Torgerson and wife signed and left with Kew, Torgerson's attorney, a quitclaim deed of conveyance of the property involved in this case, bearing date February 10, 1928, and running to Woodson and wife. Torgerson testifies that he directed Kew to deliver this deed, though he does not say to whom, or on what terms, or for what consideration.
Kew wrote the Union Title Insurance Company a letter, mentioned at one place in the record as dated February 29, 1928, and at another as dated February 9, 1928, but evidently actually written on or about February 9th, in contemplation of the execution of the quitclaim of February 10th, just referred to, wherein, referring to the other property levied on in appellants' attachment, and which Torgerson wished released therefrom, Kew stated that Wilde "as attorney for Clarence Woodson has now agreed to release this attachment on condition that Mr. Torgerson give him a quitclaim deed to lots 5 and 6, block 3, West Teralta, now owned by Mr. Woodson and wife, and upon which Mr. Torgerson has some claim of record", and went on to say that Torgerson had accepted the offer and that he, Kew, was inclosing a quitclaim from Torgerson and wife to Woodson and wife for the said two lots (being those involved in this action). By the further terms of this letter Kew authorized the title company to deliver the quitclaim to Wilde "as attorney for Clarence Woodson and Elizabeth Anne Woodson", on obtaining for Torgerson the desired release of the other property from appellants' attachment.
On February 11, 1928, Wilde wrote the Union Title Insurance Company inclosing a release from the lien of appellants' attachment and judgment, of the property which Torgerson wished released therefrom, and authorizing delivery thereof co-incidentally with the delivery by the title company to him, Wilde, of a quitclaim from Torgerson and wife to respondent Clarence Woodson and his wife, Elizabeth Anne Woodson, as joint tenants, for the said property involved in the present action.
Respondent Woodson called at the title company's office at some date which is not fixed, and demanded the quitclaim, but failed to get it. The escrow officer of the title company testified that he called Wilde up on the telephone and informed him of Woodson's demand for the deed, but believes that after talking with Wilde on the phone he stated to Woodson that the title company was authorized to deliver it only to him, Wilde, pursuant to Wilde's instructions of February 11th.
At some date not fixed in the evidence, the title company delivered the quitclaim to Wilde, according to his testimony, pursuant to his letter of February 11th, and Wilde, at some date not fixed in the evidence, returned it to Kew.
On February 20, 1928, Kew wrote the Union Title Insurance Company that he was returning it to that concern to be delivered to Wilde, "as attorney for Clarence Woodson and wife", if the title company had received from Wilde a release of appellants' attachment against the property described in the quitclaim, i.e., that involved in the present action, and could issue its guarantee showing that property clear of the attachment.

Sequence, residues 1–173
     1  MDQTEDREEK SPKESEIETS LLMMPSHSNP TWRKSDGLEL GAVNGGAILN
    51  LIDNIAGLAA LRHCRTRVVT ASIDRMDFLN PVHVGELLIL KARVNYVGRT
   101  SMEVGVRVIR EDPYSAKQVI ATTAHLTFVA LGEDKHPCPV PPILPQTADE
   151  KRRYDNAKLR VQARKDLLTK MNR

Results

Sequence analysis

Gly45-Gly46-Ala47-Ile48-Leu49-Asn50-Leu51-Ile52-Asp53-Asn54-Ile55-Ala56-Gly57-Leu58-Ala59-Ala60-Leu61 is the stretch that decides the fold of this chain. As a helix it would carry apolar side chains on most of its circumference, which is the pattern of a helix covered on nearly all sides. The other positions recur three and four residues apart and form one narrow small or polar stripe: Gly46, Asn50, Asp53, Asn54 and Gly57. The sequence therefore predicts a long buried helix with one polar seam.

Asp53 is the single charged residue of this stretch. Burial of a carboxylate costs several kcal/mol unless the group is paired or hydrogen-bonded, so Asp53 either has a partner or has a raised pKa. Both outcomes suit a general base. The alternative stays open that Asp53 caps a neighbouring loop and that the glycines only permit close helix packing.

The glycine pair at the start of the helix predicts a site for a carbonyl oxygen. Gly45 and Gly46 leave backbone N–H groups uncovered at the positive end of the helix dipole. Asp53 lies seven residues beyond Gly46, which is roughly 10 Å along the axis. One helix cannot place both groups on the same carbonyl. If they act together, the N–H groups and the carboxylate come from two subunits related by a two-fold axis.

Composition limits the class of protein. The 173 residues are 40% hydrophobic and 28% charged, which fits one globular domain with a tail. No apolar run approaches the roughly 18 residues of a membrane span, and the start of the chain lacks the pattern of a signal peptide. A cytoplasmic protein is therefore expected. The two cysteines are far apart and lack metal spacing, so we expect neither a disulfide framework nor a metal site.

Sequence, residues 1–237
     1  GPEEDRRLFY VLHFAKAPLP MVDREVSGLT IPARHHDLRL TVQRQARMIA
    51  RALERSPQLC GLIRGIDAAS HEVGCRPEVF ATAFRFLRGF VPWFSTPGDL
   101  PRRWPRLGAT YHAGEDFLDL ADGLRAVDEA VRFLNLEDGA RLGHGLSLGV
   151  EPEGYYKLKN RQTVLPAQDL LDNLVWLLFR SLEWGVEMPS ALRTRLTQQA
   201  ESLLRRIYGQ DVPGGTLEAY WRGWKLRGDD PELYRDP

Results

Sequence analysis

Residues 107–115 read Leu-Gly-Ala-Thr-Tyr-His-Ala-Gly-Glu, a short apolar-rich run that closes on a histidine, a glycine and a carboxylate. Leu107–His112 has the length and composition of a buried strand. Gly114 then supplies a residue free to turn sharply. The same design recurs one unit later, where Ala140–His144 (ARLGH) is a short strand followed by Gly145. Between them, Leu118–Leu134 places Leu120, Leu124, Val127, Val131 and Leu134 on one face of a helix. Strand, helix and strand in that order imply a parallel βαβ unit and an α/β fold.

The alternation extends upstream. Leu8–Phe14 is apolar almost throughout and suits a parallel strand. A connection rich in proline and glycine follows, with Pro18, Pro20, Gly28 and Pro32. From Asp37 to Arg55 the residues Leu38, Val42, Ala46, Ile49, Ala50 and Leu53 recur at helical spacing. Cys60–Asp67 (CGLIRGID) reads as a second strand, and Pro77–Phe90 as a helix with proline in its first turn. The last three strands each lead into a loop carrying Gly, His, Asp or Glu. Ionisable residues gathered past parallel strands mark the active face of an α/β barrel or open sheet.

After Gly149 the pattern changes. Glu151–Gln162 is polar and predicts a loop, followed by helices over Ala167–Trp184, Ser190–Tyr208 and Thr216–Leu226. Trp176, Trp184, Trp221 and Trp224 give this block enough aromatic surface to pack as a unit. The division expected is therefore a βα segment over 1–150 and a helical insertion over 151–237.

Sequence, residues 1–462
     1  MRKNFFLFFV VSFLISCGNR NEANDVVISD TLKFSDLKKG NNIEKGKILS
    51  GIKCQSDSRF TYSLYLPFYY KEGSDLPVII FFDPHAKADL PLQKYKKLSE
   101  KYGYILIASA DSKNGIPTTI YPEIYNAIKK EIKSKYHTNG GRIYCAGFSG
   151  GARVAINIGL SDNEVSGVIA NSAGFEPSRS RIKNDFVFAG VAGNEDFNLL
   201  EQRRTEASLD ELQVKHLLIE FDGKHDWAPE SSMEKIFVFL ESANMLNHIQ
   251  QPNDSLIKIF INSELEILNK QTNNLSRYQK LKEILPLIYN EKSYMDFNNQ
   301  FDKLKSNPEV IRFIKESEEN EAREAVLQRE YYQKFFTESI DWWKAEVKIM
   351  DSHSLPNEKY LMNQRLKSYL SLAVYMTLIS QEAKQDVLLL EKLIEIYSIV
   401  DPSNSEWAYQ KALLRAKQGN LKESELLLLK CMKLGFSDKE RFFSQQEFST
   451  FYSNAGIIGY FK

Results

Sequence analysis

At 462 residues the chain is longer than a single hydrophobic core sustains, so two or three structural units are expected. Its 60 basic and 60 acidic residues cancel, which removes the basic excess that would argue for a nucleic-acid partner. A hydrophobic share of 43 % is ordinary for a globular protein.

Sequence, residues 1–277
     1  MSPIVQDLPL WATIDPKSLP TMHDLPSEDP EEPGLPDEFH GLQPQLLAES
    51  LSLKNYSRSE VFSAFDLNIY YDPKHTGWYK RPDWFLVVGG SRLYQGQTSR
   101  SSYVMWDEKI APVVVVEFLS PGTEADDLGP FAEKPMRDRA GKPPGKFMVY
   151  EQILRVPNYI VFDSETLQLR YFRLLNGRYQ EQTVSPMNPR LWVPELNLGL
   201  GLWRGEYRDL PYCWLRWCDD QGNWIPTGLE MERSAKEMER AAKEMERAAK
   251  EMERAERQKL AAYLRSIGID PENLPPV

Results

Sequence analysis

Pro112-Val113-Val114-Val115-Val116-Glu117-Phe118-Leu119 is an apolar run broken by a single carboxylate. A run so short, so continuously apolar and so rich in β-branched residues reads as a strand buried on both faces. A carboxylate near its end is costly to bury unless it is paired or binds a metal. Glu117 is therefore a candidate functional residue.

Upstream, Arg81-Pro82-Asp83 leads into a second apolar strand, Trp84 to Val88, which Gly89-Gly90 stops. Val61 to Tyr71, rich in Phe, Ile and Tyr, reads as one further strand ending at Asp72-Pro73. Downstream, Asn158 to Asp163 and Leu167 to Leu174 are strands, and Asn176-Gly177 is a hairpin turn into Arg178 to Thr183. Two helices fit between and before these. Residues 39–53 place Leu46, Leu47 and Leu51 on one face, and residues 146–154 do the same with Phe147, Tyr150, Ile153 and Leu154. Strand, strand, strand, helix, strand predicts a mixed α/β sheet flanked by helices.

Nothing further appears as to what has become of the quitclaim and it was not produced at the trial, nor its whereabouts accounted for. Its contents were shown by secondary evidence received without any clear-cut objection, so that error in receiving the same can hardly be assigned. Wilde testified that he was never attorney for respondent Woodson, but, in connection with these matters, represented only the appellants, and respondent Woodson testified that Wilde never represented him.
Woodson testified that he has been maintaining possession of the property and had testified to paying off sundry of the mechanics' and materialmen's liens filed thereon, but his counsel consented that his statements respecting these payments go out of the record. He testified that he had paid Prentice on account of the cash purchase price of the property only $100, but had been keeping up the payments on the mortgage and trust deed.
We do not understand respondent's counsel to contend that the present judgment quieting title in respondent to the lots here involved can be sustained otherwise than on the basis of the said quitclaim from Torgerson and wife of February 10, 1928.  A plaintiff must recover in an action to quiet title, if at all, on the strength of his own title. ( Schroder v. Aden Gold Min. Co., 144 Cal. 628 [ 78 P. 20]; Sears v. Willard, 165 Cal. 12 [ 130 P. 869].) The situation here presents strange anomalies, for although Torgerson testified that he left the quitclaim with Kew, his attorney, with instructions to deliver it, the evidence shows that the consideration which Torgerson was to receive for it was to move not from respondent and wife, who were named as grantees in it, but from appellants, whose attorney, erroneously described in Kew's letter as representing respondent and wife, was, through the title company, on producing the consideration, to be given possession of it. Through such attorney the consideration, emanating from appellants and not respondents, was produced, and he thereby got possession of the quitclaim which, as we saw, for some unexplained reason, he returned to Kew.  Yet, despite these anomalies, it must, we think, be held that so far as our disposition of the present appeal is concerned, the finding of the trial court that the quitclaim was delivered, is conclusive on us. Torgerson testified that his instructions were that the quitclaim be delivered. His only interest was in receiving the consideration. This he got. We are unable to say that the fact that it was furnished by appellants was any concern of his. Kew's instructions to the title company were to deliver the quitclaim to Wilde, not as representing appellants, but as representing respondent and his wife, which he was not in fact doing. Respondent was perfectly willing to take the quitclaim, as evidenced by his demand on the title company to deliver the same to him, and it may probably be inferred that he had, in making such demand, permission to represent his co-grantee, who was his wife. The deed ran to the two as joint tenants and, therefore, if both were in fact willing to take it, either was necessarily the agent of the other to receive it. We have, then, a case where the minds of both grantors and grantees may be said to have met on the proposition that on the former's receipt of the consideration the latter should be entitled to the deed, which was meanwhile to be in escrow. In support of the court's finding, therefore, it must be held that at the moment the consideration was delivered to the title company for Torgerson's use and benefit, the Woodsons consenting to accept the quitclaim, the mutual intent of the grantors and grantees that the transaction should become complete became effective. That, and not any mere question of manual tradition of the paper is the test of delivery. (Civ. Code, sec. 1059, subd. 2; Hastings v. Vaughn, 5 Cal. 315, 319; Hibberd v. Smith, 67 Cal. 547 [56 Am. Rep. 726, 4 P. 473, 8 P. 46]; Black v. Sharkey, 104 Cal. 279 [37 P. 939]; Whitney v. American Ins. Co., 127 Cal. 464, 467, 468 [ 59 P. 897]; Williams v. Kidd, 170 Cal. 631, 638, 639 [Ann. Cas. 1916E, 703, 151 P. 1]), and what afterward became of the paper once in legal contemplation delivered, is of no consequence.